I was in Israel once, not until after the revolution. Magda, my granddaughter, studied there, so she invited us. Ruzenka was working abroad, so she gave it to me as a Christmas present. And I had that brother in England, who helped me a lot, so I had a bit of money from him and could pay for things while there. I went there with my daughter Ruzena, and we lived with our granddaughter Magda in Jerusalem; she had an apartment there, so we didn't have to pay for accommodation. We were there for three weeks or a month.
I liked everything in Israel. I met up with my cousin's daughter there, she was my mother's sister's daughter, who lived in Israel, in a kibbutz. So I went to visit her. We usually don't keep in touch, but when I was there, I went to see her. She had it good in that kibbutz, she didn't have any complaints. I also met the daughter of my husband's sister Herta there, with Ruth. She also lived in a kibbutz. I could communicate well only with her husband, who was a Hungarian Jew, and spoke Hungarian.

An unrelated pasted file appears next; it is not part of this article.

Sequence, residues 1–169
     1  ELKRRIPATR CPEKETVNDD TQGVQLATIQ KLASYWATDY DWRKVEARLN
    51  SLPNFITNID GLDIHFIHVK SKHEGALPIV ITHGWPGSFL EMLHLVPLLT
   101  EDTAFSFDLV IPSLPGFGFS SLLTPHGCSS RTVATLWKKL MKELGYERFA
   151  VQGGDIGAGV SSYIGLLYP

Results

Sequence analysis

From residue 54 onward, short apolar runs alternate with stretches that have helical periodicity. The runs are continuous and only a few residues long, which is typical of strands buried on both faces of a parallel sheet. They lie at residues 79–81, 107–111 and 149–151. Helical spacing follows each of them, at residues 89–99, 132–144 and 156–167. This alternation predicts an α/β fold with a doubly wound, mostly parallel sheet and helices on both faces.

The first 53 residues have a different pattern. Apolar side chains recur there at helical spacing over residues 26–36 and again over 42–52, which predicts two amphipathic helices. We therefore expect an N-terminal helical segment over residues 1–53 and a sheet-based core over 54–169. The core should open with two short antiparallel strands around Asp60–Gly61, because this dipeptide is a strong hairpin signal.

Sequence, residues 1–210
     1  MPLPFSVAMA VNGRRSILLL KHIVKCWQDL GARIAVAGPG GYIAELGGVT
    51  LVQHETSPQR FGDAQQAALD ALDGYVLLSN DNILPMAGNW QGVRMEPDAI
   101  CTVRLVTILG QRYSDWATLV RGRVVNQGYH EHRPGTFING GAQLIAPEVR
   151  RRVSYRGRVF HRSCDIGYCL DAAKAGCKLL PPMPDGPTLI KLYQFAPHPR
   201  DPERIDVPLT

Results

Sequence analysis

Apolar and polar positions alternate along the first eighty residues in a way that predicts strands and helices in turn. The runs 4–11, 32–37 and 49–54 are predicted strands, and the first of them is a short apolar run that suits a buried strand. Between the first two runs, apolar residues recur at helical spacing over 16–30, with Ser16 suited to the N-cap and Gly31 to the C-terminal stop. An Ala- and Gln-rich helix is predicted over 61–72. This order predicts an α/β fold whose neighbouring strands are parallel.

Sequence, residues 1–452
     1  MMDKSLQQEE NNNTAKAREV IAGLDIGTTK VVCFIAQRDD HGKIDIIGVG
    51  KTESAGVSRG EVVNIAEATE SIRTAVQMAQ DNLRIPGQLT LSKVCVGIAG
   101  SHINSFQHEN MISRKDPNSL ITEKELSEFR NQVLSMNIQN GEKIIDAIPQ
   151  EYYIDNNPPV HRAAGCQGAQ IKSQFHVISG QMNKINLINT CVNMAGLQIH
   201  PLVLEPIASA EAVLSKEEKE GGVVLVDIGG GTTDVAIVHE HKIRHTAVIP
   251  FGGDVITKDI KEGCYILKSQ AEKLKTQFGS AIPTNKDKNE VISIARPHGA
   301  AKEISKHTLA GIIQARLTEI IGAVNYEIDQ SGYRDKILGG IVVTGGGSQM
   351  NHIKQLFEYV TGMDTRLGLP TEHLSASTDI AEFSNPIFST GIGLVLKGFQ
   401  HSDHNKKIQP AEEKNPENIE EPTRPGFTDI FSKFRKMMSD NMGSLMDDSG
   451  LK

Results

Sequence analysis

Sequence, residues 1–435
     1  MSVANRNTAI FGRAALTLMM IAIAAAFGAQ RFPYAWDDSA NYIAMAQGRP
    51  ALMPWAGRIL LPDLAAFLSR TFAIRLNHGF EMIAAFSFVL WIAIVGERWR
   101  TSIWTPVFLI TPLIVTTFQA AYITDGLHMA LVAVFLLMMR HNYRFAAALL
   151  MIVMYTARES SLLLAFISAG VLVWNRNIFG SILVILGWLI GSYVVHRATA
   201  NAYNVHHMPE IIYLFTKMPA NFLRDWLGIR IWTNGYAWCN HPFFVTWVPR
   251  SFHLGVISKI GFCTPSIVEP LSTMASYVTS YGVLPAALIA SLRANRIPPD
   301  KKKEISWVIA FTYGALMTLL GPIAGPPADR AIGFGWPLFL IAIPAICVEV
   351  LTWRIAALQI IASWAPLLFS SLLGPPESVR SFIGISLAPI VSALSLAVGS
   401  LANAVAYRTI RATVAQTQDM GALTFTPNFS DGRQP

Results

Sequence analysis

We also went to have a look around Israel. We were in Natanya. My husband had a cousin there. The children still live there, and we keep in touch with them. We were also at the Dead Sea, at archaeological sites, we were at the Jordan River, I dipped my feet into the Jordan. That was also an experience, that Jordan. The water there is very dirty, and they even drank it. There was one woman there, she prayed, in Arabic I think, and then went into the water and her husband was washing her. I guess it was some sort of tour group, and we had happened along. You just stood and stared, when you saw them splashing about in that water. Then I also liked the crucifixion in church, the atmosphere also affected you there. There was a huge crowd of people there. Not that I liked or didn't like it, but that atmosphere, the fanaticism, it grips you. And by the Jordan as well. The Wailing Wall was also interesting, there it's also impressive. When you see how they pray there, and how they stick those little pieces of paper into it.